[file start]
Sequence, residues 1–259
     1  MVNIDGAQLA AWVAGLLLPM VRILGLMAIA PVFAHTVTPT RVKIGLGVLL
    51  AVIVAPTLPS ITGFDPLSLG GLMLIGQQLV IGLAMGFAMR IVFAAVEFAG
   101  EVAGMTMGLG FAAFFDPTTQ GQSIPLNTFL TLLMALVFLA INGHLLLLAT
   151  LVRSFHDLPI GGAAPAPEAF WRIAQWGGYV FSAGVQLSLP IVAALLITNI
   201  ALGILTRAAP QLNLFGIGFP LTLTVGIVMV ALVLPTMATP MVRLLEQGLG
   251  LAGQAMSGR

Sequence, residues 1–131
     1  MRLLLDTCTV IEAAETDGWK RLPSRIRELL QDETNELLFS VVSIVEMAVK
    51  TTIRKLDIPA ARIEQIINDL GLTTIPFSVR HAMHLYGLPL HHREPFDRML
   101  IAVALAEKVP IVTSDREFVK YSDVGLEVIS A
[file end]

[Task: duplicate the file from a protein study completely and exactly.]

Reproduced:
Sequence, residues 1–259
     1  MVNIDGAQLA AWVAGLLLPM VRILGLMAIA PVFAHTVTPT RVKIGLGVLL
    51  AVIVAPTLPS ITGFDPLSLG GLMLIGQQLV IGLAMGFAMR IVFAAVEFAG
   101  EVAGMTMGLG FAAFFDPTTQ GQSIPLNTFL TLLMALVFLA INGHLLLLAT
   151  LVRSFHDLPI GGAAPAPEAF WRIAQWGGYV FSAGVQLSLP IVAALLITNI
   201  ALGILTRAAP QLNLFGIGFP LTLTVGIVMV ALVLPTMATP MVRLLEQGLG
   251  LAGQAMSGR

Sequence, residues 1–131
     1  MRLLLDTCTV IEAAETDGWK RLPSRIRELL QDETNELLFS VVSIVEMAVK
    51  TTIRKLDIPA ARIEQIINDL GLTTIPFSVR HAMHLYGLPL HHREPFDRML
   101  IAVALAEKVP IVTSDREFVK YSDVGLEVIS A